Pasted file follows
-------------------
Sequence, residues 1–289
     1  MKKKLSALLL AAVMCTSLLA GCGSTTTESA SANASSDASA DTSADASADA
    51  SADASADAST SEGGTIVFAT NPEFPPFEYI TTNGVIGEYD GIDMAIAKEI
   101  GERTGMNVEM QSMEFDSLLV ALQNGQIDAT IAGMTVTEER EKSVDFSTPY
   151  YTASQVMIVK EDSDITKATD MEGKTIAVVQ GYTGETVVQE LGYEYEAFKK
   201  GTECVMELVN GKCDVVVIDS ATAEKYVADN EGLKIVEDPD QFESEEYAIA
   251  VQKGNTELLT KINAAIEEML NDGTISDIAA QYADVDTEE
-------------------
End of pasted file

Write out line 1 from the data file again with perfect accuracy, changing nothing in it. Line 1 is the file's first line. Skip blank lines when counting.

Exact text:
Sequence, residues 1–289